Good Cause … and Effect
September 16 -- Washingtonians feel better if they have a reason to socialize. Whether it’s a political fundraiser or an arts benefit, you will rarely find large clusters of people in the nation’s capital drinking and carousing aimlessly (except at bars, of course). At least this was what my friend Alex observed the other evening at a fundraiser for http://www.byteback.org Byte Back, a non-profit organization founded in 1997 that provides computer training for unemployed and under-employed DC area adults and youth to increase their skill sets and marketability.
Despite remnants of Hurricane Floyd, the party was stellar. I had my doubts about how many people would show up considering the inclement weather and steep price of admission, but all my worries were put to rest at the door where I was greeted by charming Byte Back director, Brian Komar. Like most Byte Back board members, Brian wears a couple of hats including that of director of technology programs at the Leadership Conference on Civil Rights. Turns out that just about everyone in the place knew him and between collecting donations, working the room, and making a brief speech, he didn’t sit still all night.
When I arrived at the Childe Harold, there was still plenty of room at the bar, so I tossed aside my umbrella, grabbed a drink (note to the CH: spring for bigger cups), and secured a place overlooking the entranceway. It was the prime spot to scope out all the action. Let’s just say that I was pleasantly surprised by the cute alterna-geek guys streaming in—not to mention the lack of Dockers and loafers. Generally, this type of affair brings out swarms of uber-nerds, but thankfully, this was not the case this evening. In fact, there was an eclectic mix of non-profiters, techies, and media people in attendance.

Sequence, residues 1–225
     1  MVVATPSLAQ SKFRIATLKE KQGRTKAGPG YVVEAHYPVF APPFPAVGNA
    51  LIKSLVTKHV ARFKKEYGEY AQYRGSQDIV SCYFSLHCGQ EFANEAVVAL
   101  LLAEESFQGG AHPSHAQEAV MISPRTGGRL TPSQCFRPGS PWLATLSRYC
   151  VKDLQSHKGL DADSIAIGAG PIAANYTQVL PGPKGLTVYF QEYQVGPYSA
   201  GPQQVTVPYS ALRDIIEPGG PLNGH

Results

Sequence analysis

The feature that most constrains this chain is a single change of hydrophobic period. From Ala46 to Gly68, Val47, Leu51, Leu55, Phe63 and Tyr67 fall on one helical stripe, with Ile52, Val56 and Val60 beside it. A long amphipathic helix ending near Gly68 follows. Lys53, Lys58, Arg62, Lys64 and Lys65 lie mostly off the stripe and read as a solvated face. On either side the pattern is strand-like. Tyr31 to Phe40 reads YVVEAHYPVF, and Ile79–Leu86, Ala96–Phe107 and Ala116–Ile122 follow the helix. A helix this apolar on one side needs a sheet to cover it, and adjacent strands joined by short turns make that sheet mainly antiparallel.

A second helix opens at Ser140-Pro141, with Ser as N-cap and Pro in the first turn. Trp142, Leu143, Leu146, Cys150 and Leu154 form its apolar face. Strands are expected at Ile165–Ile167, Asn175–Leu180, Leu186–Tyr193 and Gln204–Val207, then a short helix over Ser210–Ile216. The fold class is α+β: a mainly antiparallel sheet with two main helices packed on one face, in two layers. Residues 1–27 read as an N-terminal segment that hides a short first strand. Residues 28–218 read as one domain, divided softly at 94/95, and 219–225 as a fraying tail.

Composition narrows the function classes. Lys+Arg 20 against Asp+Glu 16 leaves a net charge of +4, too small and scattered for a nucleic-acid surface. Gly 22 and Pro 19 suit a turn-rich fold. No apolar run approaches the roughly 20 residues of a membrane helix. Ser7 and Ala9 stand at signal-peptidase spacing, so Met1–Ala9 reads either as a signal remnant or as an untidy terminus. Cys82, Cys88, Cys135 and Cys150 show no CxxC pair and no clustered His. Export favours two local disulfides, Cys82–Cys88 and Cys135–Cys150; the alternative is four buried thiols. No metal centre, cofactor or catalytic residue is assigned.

Just an hour or so after the doors opened, the second floor of the Childe Harold was jamming. Citing the invite’s promise of a DJ and dancing, I convinced a few friends to join me including Helen Wilson of Frontier Global Center, TK Maloy of the Internet Newsroom, Laura Taylor of the Matrix Group, Sam Stainburn, former editor of now-defunct "Who Cares" magazine, and Seth Cohen of "The Washington Post." As soon as Helen (who knows everyone!) walked in, she rushed over to greet a former coworker, Eric Cantor (Regional VP of Marketing at Verio). In fact, throughout the evening, I met tons of people from Verio including Adam Steinback, an interactive account executive at Verio Interactive, and Michael Mann, who founded (and sold) Internet Interstate/Verio Washington, DC. Michael is now president of BuyDomains.com.
Later on, I tracked down dedicated Byte Back founder Glenn Stein hanging out by the dance floor and spoke to him about his organization. I also chatted with Mary Dalrymple, a new media reporter at the Congressional Quarterly, and Jodi Glickman, partnership programs liaison at the Environmental Protection Agency. After the party, I contacted Brian to see how things turned out. He was “ecstatic” with the event’s outcome. Over 150 individuals had forked over a minimum of $20 a piece to help fight the 'digital divide' in the nation's capitol. Together their efforts raised close to $4000 for the organization, he said. Plus, several individuals who attended the event are donating old computers to Byte Back and many volunteers have signed up to teach classes for the organization. "We raised a lot of money and a lot of awareness about a very important issue. With more events like this one, Byte Back will continue closing the technology gap between those who have access to technology and those who do not.”